In 2018, an employee from the State Bar of Arizona asked me to write an article to describe Blockchain to lawyers. The only way I could do justice to the topic was to write a book about it. Now that I’ve published that book, I’m going to attempt the nearly impossible feat of condensing it into an article. Adequately describing Blockchain requires a book, but here is my best shot at a reader’s digest version.
A block is a collection of transactions that might look something like:
19x8Vp3WsK3B49FyRw3M6z (1 BTC) → 1f2g9hcB31B3Gyw4KFa9D3V
The above example describes a single Bitcoin transaction. The two long strings of gibberish are called Bitcoin addresses and, in this case, 1 bitcoin was moved from one such address to another. While these addresses are publicly written into the block, there is no linkage back to a person. Therefore, untraceable transactions occur between anonymous parties, which is the reason why Blockchain was created.
Bitcoin is a cryptocurrency (literally “hidden money”) and it is untraceable because no governments are required AND no governments are supposed to be allowed to participate in this system. Bitcoin is the name that was given to the software and the system (the network of systems running the software). It is also the name of the “coins”, or unit of measure. There are no gold coins, all such pictures are strictly marketing. Bitcoins are just numbers in a computer program.
It is the product of a community called the Cypherpunks, that was first established in 1992 to bring about something called Crypto-Anarchy (hidden anarchy). Bitcoin was created to establish a hidden corner of cyberspace where governments (law enforcement and military) cannot see what is going on. Laws, such as anti-money laundering laws, cannot be enforced, and so governments become increasingly irrelevant. One of the stated long term goals of the Cypherpunks is “collapse of governments.” Cypherpunks hope that law irrelevance leads to eventual collapses of ALL governments.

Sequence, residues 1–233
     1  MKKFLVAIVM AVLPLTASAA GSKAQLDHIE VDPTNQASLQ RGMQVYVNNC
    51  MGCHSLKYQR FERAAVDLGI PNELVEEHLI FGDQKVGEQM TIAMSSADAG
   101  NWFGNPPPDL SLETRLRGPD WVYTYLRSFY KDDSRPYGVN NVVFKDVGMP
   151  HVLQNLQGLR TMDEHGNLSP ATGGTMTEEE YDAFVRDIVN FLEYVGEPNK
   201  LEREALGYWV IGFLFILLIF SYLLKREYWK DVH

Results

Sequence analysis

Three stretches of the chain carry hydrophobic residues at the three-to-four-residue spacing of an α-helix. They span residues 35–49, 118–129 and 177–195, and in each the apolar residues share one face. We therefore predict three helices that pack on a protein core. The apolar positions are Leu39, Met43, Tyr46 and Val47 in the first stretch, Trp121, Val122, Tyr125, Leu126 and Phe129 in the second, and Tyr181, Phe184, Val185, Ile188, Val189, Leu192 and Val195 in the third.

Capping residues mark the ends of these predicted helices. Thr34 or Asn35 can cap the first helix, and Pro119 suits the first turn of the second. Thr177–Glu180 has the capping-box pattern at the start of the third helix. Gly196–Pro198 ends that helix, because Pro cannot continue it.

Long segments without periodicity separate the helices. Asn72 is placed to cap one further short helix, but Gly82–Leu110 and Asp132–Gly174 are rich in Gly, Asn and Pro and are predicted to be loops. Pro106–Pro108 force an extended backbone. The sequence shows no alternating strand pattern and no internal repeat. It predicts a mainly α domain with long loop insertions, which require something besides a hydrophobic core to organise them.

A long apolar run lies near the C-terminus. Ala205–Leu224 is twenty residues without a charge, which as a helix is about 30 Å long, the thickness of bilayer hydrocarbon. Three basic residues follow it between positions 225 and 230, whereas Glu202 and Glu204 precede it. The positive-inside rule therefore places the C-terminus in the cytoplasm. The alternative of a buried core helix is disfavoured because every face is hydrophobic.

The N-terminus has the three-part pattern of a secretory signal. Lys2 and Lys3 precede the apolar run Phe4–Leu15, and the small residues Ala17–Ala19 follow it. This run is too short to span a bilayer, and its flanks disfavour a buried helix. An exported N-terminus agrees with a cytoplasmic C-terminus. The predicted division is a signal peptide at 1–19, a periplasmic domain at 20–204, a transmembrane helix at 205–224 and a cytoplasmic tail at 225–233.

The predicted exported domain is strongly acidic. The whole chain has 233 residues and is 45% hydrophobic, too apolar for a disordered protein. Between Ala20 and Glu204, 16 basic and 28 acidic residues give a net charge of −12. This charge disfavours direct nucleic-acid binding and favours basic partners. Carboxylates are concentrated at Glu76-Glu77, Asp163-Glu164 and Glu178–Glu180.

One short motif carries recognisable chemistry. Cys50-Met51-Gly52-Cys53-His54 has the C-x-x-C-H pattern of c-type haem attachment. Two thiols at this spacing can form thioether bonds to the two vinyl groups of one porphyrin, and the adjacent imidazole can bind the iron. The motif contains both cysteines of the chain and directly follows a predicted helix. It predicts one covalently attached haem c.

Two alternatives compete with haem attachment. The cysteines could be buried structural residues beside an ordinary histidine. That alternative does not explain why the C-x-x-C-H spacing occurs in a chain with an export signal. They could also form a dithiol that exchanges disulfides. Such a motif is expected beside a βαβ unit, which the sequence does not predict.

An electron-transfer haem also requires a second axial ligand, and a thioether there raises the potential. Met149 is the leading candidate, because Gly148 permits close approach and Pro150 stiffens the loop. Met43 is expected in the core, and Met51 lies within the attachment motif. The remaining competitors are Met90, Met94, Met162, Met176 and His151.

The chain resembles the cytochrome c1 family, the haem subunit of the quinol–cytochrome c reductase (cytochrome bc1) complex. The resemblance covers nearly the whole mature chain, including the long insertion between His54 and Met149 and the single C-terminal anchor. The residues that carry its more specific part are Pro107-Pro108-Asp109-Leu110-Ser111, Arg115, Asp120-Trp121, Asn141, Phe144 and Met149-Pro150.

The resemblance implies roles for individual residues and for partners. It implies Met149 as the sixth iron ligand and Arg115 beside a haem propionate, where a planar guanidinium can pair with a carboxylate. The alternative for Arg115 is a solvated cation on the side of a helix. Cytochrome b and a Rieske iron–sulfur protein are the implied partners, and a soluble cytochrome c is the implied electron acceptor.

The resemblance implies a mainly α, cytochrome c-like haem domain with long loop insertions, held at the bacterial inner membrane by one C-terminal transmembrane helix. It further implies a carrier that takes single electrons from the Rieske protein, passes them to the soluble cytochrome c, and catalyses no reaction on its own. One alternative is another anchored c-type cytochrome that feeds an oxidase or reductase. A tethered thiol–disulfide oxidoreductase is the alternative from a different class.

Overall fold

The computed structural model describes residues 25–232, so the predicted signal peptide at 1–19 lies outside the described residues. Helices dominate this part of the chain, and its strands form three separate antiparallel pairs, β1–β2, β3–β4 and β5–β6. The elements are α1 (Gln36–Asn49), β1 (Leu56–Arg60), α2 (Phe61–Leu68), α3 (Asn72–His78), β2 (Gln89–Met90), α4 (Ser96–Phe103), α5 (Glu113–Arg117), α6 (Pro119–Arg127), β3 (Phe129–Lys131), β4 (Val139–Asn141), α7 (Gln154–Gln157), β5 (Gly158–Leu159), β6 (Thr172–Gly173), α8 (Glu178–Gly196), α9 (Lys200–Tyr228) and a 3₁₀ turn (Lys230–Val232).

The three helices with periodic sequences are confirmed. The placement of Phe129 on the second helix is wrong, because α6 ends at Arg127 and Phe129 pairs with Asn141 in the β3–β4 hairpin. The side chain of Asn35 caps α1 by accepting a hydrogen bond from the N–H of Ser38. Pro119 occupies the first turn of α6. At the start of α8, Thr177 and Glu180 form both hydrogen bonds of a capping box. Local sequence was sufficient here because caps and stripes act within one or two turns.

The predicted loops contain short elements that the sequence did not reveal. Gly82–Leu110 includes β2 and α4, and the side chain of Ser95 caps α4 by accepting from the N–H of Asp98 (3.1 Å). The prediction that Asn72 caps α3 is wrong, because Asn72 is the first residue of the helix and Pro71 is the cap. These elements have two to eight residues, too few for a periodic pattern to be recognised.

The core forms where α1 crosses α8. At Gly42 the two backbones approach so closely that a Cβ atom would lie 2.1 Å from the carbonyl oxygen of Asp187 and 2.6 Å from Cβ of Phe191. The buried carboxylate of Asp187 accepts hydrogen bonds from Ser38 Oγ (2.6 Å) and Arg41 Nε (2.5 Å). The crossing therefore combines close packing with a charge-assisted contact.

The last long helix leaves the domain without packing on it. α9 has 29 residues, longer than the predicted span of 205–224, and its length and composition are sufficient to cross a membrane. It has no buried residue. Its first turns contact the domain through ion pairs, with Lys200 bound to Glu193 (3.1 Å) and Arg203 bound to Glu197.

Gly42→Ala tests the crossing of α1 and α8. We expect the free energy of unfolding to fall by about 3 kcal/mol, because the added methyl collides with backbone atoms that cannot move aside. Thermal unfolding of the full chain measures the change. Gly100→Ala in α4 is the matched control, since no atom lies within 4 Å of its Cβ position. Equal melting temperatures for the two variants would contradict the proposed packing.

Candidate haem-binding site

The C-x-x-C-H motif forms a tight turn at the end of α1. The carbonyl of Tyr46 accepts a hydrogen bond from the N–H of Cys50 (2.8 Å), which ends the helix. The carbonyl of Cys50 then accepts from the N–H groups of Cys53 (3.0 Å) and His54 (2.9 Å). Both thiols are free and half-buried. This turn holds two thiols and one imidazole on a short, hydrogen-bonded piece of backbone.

Over the past three decades, a bunch of highly intelligent anarchists developed their vision where governments are replaced by computer systems. In this world, there are no laws, no lawyers, and no law enforcement. Armies are also a thing of the past and are replaced by Assassination Politics, which is crowdfunded murder using untraceable cryptocurrency. Smart contracts, or computer code on a blockchain, is seen as helping maintain some semblance of order in this post-government world.
Sometime after Bitcoin was released, the term Blockchain began to be used to describe anything that is “Bitcoin-ish.” This includes the manner of storing information (“chaining blocks together”) as well as the approach or algorithms that mimic Bitcoin. The many uses of the term Blockchain have become the source of a great deal of confused thinking. Many passionate (and often confused) people have some rather vivid (impossible) dreams of what Blockchain is and what it will do for the world. However, the core use case for Blockchain remains what it was first created for. It facilitates anonymous transactions outside of the visibility of governments. It helps “realize anarchy.” It is great for other anonymizing applications which may not have anything to do with cryptocurrency.